Avian Influenza and Biosecurity: Prevention in the Coming Months

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Barns and Storehouses (photo via Flickr/Image Catalog and unsplash.com)

The Indiana outbreak on Jan. 15 caused around 450,000 birds to be euthanized and has caused the state to test birds up to 20 km away out of concern. Currently, there are no outbreaks of the high pathogenic strain (HPAI), but the low pathogenic strain (LPAI) is still common, despite Indiana culling even healthy birds as a preventative measure.  In the coming months, biosecurity will be key in preventing farmers from Eastern Oklahoma and other areas from having an outbreak and should become a priority.

According to Dr. Josh Payne, OSU Extension’s poultry waste management specialist, contaminated food recently brought in from feed stores is a major source of contamination.  Farmers may take care of their birds and then go into a feed store without properly decontaminating themselves or their equipment.  If they have infected birds and handle the food or bring contaminated insects near it accidentally, the food can become contaminated and infect the birds of farmers who buy it.

Another major source of contamination is the farmers’ not wearing protective equipment such as masks, special boots, and gloves and not showering and changing clothes after work.  Also, they are encouraged to wash their trucks if they have penetrated the inner perimeter of the farm where their birds are located.

Unfortunately, signals from the Deptartment of Agriculture have been mixed with regards to the minimum biosecurity measures that need to be taken.  Due to this and the fact that instructions often seem more aimed at university-level agricultural specialists due to the language used, many farmers ignore the guidelines. Rewriting the guidelines for farmers who have a high-school education or less and prioritizing biosecurity requirements according to level of risk will help keep Oklahoma’s farms free from HPAI.

Detecting Avian Influenza

Outbreak of Avian Influenza H7N8 in Indiana Indicative of Larger Problems within the Industry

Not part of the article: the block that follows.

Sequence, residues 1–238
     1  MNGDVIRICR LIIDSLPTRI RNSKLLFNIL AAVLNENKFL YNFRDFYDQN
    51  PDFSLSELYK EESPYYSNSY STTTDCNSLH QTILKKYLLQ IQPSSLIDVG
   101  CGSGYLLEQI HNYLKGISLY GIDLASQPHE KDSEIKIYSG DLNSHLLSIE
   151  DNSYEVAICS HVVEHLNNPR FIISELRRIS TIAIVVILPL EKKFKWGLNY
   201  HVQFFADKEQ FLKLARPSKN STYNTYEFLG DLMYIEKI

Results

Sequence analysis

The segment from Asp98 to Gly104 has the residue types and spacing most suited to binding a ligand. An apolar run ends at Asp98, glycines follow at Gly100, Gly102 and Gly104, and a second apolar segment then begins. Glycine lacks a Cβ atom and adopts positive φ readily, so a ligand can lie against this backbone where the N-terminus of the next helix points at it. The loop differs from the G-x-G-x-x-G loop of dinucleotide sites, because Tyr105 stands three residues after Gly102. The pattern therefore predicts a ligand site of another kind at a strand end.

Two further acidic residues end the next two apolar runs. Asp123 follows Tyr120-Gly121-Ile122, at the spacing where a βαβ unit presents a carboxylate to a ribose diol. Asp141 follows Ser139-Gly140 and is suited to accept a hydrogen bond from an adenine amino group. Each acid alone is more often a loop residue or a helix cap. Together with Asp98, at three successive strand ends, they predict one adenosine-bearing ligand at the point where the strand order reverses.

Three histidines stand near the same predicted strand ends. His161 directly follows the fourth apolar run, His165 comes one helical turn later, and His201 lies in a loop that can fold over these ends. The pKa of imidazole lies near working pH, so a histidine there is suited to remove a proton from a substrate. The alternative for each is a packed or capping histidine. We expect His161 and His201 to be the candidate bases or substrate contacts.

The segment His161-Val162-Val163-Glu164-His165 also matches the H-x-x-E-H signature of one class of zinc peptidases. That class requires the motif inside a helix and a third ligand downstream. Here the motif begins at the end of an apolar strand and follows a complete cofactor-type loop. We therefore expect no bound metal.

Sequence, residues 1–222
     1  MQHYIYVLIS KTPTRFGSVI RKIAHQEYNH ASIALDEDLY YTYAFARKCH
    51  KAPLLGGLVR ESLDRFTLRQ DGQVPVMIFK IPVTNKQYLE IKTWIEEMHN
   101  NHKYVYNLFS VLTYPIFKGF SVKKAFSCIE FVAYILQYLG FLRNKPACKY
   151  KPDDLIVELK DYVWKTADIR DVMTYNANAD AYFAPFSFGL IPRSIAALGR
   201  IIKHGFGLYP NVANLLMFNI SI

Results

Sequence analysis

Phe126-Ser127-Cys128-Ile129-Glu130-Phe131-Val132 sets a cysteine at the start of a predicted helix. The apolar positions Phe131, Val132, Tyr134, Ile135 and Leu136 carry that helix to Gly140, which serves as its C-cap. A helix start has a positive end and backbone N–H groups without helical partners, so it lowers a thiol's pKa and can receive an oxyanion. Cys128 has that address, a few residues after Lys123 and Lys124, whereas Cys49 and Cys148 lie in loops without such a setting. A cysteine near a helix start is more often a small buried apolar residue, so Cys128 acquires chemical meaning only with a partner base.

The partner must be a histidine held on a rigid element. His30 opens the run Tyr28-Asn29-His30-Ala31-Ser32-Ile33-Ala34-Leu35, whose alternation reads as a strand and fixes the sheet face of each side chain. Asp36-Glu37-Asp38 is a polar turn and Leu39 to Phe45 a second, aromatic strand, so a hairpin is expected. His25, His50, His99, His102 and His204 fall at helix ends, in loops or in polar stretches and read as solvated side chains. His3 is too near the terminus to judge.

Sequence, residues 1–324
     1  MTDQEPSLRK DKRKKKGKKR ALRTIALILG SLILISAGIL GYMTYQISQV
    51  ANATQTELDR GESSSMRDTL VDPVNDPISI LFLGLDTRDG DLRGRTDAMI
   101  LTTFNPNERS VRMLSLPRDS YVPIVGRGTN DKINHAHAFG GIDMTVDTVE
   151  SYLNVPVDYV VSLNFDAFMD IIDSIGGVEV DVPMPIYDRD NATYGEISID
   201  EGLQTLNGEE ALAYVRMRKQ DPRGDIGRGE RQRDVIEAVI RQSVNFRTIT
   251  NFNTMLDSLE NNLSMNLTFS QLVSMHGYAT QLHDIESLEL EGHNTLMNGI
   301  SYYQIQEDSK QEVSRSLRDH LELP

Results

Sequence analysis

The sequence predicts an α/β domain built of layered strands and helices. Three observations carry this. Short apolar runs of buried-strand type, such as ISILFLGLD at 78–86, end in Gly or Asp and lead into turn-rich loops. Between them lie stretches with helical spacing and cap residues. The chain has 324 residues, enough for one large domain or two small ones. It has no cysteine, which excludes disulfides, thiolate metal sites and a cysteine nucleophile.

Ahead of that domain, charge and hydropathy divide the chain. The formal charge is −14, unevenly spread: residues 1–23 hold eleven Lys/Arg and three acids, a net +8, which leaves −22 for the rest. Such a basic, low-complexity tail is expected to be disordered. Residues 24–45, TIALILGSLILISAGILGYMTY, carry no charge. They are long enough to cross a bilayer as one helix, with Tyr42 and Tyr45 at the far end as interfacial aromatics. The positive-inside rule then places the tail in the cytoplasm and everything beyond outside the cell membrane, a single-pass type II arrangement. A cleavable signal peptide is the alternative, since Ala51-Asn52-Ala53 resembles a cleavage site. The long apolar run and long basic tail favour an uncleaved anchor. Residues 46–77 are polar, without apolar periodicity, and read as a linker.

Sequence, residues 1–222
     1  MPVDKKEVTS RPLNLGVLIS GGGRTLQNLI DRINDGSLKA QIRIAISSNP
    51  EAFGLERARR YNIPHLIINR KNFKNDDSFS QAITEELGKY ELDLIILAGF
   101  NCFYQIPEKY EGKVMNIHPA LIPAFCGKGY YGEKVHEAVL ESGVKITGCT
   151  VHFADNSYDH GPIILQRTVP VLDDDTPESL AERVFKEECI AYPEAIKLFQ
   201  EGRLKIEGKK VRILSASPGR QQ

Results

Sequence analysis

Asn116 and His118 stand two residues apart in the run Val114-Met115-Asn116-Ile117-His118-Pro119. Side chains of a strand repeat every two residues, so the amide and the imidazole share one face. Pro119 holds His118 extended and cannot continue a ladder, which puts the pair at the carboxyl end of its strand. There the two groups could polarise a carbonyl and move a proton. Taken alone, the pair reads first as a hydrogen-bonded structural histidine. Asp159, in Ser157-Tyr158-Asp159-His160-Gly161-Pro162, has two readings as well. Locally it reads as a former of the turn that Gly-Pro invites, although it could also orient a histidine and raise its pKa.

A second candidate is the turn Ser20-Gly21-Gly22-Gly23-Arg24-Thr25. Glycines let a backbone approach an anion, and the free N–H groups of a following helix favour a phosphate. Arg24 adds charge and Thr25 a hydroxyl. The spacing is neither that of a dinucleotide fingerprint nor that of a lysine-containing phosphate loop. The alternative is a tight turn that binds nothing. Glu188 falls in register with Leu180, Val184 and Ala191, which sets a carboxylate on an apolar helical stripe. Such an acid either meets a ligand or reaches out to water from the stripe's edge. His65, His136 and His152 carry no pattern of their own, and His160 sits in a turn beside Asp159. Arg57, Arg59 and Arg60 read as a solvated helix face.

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Healthy chicken (photo via Flickr/Bernard Spragg).

On Jan. 15, an outbreak of a new highly pathogenic avian influenza (HPAI) known as H7N8 appeared in Indiana. More cases were quickly confirmed on Jan. 16, and around 450,000 birds were euthanized. The new strain is believed to have mutated from one of the low pathogenic avian influenzas (LPAI) carried from Asia via Alaska by migratory birds.

When I recently attended a seminar given by an OSU poultry waste management specialist, Dr. Josh Payne, it quickly became evident why this occurred.  LPAI regularly occurs throughout the world now, but due to the number of birds kept in close proximity on industrial farms, the mutation rate can accelerate. Tens or even hundreds of thousands of birds may pass this virus to each other continuously and what was originally a relatively mild disease can become dangerous in months.

Unfortunately, this is believed to have occurred in Indiana, where the LPAI was considered to be non-threatening until six months passed and birds began dying.  These new losses indicate that biosecurity in many areas of the United States is still lacking. Although Dr. Payne indicated that people in Iowa had learned the value of biosecurity after the outbreak last summer, many producers and workers in other areas are still in denial.

The common attitude in Oklahoma seems to be that the virus will never come here when clearly LPAI is already here. In order to prevent damage to Oklahoma’s poultry industry, the level of biosecurity practices followed by workers should vary according to the level of the threat. A more cautious approach with regard to feed, trucks, wild birds, insects, and rats must be taken into consideration by producers, as these are prime sources of contagion.

 

Indiana Outbreak Facts